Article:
Jason Merkoski was on the team at Amazon which developed the Kindle. This book gives insights into how the process of developing the Kindle felt, and gives a personal account of Merkoski’s relationship with books and his ideas of where the medium is going.
These multiple strands make the book a bit of a mishmash of genres, which (no doubt) makes marketing it somewhat tricky. Despite this, I felt that it hung together quite nicely as a whole, though it is undeniable that it reads a little more like a flowing conversation than a planned essay.
Merkoski’s passion for books shines through this volume – not least because of the anecdotes he relates about the difficulties of coping with the number of books he owns. Given his love of books, I was surprised by his level of excitement about a future in which books have changed to the degree that they no longer contain the written word. In the medium-term, he imagines books which are intercut with short movies and games – not so far from what we seen on the iPad today. This fills me with dread, because it seems to me that this limits the reader’s imagination.
Yet, despite my reluctance, I can see that his prediction is probably accurate. Blockbuster books already often have filmed “trailers”. Games with written stories and intercut scenes (e.g. the Professor Layton series) are enormously popular. Convergence between formats can surely only become more common.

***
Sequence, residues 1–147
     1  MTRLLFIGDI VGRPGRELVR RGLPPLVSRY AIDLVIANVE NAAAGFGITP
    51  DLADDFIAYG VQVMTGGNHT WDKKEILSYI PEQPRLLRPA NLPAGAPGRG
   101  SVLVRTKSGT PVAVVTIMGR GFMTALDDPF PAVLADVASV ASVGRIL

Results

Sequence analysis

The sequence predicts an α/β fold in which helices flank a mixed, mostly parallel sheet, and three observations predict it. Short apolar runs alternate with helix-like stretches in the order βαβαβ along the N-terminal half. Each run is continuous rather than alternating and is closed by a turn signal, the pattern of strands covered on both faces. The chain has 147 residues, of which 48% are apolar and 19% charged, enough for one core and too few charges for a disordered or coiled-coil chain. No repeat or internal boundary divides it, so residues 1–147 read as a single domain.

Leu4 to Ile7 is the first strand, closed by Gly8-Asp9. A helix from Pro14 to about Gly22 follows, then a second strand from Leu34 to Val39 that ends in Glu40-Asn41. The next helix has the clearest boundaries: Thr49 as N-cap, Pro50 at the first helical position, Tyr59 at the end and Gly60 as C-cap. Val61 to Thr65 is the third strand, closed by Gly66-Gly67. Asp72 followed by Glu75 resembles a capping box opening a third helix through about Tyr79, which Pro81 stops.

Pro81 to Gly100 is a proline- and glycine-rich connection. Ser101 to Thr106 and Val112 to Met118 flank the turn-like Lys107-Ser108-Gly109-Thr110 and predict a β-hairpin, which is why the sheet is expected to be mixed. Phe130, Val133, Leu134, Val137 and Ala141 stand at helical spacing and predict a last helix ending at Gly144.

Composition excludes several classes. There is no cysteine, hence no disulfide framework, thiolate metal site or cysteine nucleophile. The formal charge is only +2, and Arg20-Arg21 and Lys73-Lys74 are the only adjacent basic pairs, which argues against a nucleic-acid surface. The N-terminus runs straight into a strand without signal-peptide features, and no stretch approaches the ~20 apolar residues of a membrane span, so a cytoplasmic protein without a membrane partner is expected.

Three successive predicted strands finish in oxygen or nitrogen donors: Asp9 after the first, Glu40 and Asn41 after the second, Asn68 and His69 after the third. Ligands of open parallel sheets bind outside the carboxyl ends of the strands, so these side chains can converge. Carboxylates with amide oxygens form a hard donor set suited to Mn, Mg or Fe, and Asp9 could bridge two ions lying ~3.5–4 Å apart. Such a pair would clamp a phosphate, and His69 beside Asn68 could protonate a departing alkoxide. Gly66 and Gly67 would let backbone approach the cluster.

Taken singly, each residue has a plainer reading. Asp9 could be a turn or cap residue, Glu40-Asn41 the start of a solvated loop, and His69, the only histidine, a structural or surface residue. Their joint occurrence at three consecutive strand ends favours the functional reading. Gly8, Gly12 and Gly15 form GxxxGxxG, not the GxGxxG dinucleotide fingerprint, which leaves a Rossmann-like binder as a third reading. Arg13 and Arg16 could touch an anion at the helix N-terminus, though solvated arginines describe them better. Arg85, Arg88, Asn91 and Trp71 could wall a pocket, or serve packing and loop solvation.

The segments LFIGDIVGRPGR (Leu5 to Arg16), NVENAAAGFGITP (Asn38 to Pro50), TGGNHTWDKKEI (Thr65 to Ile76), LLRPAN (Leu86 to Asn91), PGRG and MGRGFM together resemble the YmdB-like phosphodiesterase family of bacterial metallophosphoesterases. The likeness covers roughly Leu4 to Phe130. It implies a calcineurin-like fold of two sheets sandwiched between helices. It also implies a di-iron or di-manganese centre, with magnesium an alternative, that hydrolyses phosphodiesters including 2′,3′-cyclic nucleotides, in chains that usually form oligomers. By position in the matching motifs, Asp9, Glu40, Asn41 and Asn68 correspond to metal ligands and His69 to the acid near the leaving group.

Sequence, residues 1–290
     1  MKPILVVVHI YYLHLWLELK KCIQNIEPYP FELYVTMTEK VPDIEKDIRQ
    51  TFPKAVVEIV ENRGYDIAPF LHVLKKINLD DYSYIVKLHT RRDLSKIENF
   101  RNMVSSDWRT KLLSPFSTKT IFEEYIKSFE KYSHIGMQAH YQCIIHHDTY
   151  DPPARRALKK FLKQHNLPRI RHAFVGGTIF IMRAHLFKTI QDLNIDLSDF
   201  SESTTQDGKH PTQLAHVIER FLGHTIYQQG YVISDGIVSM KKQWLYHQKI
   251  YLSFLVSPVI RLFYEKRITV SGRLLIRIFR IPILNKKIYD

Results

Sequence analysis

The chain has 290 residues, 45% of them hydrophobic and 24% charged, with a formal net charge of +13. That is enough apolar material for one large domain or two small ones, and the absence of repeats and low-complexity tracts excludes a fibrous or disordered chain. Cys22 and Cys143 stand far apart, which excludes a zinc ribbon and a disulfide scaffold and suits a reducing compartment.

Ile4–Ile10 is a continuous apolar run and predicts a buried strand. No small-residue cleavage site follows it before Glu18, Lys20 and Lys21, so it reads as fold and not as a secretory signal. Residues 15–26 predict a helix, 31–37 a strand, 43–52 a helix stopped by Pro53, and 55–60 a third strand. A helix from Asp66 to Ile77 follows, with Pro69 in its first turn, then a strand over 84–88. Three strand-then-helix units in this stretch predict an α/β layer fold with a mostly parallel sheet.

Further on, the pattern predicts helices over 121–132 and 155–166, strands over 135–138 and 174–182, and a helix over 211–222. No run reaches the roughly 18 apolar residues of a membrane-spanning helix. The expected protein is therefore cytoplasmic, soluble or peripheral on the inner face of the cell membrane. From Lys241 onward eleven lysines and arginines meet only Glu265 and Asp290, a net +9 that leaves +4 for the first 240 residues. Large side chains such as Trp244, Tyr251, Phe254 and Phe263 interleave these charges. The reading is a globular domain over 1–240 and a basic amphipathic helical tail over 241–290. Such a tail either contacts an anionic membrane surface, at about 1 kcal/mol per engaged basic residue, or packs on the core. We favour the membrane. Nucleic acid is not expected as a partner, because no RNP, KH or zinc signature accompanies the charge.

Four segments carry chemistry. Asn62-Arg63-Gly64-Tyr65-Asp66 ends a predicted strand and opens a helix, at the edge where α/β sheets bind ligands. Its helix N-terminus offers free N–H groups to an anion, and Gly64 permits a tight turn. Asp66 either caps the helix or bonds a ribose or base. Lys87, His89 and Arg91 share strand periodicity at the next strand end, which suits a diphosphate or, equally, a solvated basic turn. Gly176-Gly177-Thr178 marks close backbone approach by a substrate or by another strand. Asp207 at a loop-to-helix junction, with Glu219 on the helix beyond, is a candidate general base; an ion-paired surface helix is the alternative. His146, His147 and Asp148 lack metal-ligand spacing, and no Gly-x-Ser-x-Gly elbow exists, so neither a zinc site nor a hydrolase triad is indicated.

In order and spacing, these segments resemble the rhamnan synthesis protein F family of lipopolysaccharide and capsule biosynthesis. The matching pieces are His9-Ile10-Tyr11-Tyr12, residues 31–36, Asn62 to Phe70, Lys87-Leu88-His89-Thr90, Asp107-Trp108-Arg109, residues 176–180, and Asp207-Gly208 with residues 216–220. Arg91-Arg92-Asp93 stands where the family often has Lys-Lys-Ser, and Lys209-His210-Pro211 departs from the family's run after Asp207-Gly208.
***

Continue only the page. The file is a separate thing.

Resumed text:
And his long-term predictions are still more frightening. With strong overtones of sci-fi, he suggests that authors’ imaginations will be “downloaded” into readers’ minds. Again, despite my personal reluctance, it’s hard to disagree that more efficient communication of ideas is likely to be the direction of travel.
The anecdotes about working on the Kindle project which are intercut into the story gave a little insight into the project, and were described with passion and enthusiasm yet were not overdone. They provided a valuable grounding to offset the flights of futurology, and I think the combination worked rather well.
I should point out that the book includes interactive “bookmarks”, which are conversation-starters linked to Jason’s website. Because I read this book pre-publication, I didn’t use these, so can’t comment on how well they really worked. The questions posed often provided food for thought, regardless of the fact that I didn’t discuss them with others online.
All-in-all, this was one of the most enjoyable books I’ve read for a little while. It may be hard to categorise or capture in a nutshell, but it was nonetheless thought-provoking and engaging. I’d certainly recommend it.
Burning the Page is available now from amazon.co.uk, in paperback and on Kindle.